Robert E. Cooper, Jr., Attorney General and Reporter; Renee W. Turner, Senior Counsel; William L. Gibbons, District Attorney General; and David Zak and Corliss Shaw, Assistant District Attorneys General, for the appellee, State of Tennessee.

Judge: WILLIAMS

The defendant, Bert Newby, was convicted of one count of first degree murder, and one count of aggravated assault, a Class C felony. He was sentenced to consecutive sentences of life for the first degree murder charge and three years for the aggravated assault. The defendant raises three issues for appeal: 1) whether the late-filed notice of appeal should be waived in the interest of justice and judicial economy; 2) whether the trial court erred in consolidating the indictments for trial; and 3) whether the evidence was sufficient to support his murder conviction. After careful review, we conclude that no reversible error exists and affirm the judgments from the trial court.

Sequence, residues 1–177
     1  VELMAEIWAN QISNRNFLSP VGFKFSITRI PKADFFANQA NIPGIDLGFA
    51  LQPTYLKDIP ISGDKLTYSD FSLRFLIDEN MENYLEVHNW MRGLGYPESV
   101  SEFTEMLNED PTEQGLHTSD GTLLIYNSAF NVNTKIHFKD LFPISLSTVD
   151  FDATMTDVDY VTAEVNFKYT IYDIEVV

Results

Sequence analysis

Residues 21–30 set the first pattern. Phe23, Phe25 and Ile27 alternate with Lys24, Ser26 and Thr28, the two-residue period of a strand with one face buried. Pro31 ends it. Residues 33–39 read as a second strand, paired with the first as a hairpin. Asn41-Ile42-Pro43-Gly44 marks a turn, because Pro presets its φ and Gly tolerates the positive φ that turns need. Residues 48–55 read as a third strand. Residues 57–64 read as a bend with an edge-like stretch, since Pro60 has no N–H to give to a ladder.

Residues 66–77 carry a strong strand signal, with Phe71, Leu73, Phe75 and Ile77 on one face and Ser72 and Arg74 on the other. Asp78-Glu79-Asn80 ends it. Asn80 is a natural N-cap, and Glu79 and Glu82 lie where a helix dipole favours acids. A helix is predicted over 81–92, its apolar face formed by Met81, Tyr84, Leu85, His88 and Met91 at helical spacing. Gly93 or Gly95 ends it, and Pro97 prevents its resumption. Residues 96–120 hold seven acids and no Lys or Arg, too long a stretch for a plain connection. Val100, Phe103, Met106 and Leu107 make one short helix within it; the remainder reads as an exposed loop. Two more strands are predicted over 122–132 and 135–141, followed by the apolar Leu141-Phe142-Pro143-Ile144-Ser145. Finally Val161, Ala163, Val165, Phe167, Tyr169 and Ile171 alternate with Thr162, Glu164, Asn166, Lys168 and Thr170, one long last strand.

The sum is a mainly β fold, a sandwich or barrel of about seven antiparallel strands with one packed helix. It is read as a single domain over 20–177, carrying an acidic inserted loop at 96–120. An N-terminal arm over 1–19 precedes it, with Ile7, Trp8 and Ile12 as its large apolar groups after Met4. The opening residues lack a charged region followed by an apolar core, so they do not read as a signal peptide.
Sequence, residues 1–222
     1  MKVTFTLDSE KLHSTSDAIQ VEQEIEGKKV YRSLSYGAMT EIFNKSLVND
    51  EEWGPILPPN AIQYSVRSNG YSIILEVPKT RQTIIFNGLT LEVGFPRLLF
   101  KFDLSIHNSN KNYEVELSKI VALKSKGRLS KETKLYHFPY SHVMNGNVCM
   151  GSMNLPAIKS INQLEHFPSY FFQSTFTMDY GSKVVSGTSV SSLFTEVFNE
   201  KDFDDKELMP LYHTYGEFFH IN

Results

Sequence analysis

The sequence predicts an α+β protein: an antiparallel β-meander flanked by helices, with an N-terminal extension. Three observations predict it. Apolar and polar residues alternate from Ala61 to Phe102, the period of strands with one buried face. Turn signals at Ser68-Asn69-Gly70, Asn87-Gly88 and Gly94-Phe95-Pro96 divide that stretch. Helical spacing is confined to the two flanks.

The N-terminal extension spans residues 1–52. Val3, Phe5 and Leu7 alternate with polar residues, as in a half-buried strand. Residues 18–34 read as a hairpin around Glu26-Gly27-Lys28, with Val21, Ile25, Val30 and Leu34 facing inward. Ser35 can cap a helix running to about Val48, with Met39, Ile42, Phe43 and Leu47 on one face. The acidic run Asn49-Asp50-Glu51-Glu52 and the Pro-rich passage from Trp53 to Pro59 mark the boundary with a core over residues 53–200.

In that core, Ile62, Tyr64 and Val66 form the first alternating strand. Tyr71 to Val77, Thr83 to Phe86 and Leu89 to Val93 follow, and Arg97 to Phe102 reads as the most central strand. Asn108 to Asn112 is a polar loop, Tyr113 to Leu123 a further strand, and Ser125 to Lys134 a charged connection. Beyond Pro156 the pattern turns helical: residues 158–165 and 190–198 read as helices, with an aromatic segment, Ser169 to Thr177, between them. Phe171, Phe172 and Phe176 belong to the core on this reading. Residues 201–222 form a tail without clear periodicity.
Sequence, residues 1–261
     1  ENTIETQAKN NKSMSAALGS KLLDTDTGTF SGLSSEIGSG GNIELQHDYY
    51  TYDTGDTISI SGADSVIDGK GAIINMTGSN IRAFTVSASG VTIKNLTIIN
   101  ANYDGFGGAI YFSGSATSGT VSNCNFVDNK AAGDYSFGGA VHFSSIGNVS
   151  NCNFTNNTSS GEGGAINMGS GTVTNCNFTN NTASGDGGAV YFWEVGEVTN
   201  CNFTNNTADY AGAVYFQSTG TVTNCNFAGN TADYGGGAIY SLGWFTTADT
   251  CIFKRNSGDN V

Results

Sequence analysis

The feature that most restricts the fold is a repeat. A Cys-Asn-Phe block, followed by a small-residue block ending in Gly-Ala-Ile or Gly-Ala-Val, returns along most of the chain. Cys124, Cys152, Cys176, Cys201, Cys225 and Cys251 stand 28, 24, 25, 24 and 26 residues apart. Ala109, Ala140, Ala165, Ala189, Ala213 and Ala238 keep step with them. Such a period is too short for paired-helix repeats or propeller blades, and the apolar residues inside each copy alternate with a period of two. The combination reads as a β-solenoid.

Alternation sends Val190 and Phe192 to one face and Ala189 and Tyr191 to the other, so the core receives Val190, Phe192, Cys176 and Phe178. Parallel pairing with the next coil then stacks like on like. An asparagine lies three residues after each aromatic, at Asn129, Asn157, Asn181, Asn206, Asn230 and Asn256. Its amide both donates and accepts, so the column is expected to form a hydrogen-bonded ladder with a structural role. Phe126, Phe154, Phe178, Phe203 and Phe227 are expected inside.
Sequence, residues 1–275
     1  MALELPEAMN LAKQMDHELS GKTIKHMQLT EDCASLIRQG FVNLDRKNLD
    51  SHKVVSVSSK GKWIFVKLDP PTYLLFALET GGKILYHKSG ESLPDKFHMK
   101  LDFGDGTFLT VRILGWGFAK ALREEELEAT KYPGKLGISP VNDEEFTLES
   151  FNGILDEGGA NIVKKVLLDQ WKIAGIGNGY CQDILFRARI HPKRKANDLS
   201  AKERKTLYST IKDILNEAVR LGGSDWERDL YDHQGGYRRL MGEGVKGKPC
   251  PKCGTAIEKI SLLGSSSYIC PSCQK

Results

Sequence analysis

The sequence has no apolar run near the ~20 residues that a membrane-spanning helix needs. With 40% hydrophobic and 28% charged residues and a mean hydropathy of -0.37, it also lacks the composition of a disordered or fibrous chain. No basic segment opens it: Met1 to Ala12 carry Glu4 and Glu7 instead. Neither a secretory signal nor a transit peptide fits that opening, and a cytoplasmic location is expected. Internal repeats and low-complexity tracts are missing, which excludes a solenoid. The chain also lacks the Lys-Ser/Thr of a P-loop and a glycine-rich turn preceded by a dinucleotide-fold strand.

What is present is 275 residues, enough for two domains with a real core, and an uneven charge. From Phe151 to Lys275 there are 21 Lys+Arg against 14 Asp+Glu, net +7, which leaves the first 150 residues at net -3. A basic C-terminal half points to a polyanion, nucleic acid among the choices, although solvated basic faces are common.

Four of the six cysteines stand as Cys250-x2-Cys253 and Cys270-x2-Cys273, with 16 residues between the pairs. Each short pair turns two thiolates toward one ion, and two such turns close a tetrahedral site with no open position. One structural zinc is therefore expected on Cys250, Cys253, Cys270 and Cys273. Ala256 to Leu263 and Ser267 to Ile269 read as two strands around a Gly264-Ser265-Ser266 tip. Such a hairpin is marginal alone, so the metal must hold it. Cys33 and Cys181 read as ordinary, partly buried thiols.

http://www.tba2.org/tba_files/TCCA/2009/newbyb_072109.pdf


STATE OF TENNESSEE v. WILLIAM JEFFERY SWEET

Court: TCCA

Attorneys:

Ralph E. Harwell (at trial and on appeal), Knoxville, Tennessee, and Ann C. Short-Bowers (on appeal), Knoxville, Tennessee, for the Appellant, William Jeffery Sweet.

Robert E. Cooper, Jr., Attorney General and Reporter; Michael E. Moore, Solicitor General; Leslie E. Price, Assistant Attorney General; Randall Nichols, District Attorney General; and Steve Sword, Assistant District Attorney General, for the Appellee, State of Tennessee.

Judge: WEDEMEYER